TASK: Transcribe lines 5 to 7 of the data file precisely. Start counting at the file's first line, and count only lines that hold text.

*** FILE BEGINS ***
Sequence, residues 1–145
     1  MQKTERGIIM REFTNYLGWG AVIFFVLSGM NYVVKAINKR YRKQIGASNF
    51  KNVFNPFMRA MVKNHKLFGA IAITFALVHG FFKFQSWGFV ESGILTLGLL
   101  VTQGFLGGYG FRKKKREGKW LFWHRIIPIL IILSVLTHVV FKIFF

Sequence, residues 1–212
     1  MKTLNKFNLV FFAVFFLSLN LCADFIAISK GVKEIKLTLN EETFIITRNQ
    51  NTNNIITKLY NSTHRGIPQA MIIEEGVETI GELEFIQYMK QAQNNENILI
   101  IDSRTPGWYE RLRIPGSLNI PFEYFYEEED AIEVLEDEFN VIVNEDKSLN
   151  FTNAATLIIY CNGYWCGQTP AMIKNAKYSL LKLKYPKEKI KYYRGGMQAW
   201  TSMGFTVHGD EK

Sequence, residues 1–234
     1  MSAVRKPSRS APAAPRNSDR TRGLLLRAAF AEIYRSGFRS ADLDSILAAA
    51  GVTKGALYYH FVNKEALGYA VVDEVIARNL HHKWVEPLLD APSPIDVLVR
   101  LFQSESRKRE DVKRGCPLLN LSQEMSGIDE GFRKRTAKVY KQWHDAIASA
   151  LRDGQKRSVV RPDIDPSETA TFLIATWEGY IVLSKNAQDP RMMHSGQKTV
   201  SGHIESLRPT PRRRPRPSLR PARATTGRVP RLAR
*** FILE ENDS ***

Sequence, residues 1–212
     1  MKTLNKFNLV FFAVFFLSLN LCADFIAISK GVKEIKLTLN EETFIITRNQ
    51  NTNNIITKLY NSTHRGIPQA MIIEEGVETI GELEFIQYMK QAQNNENILI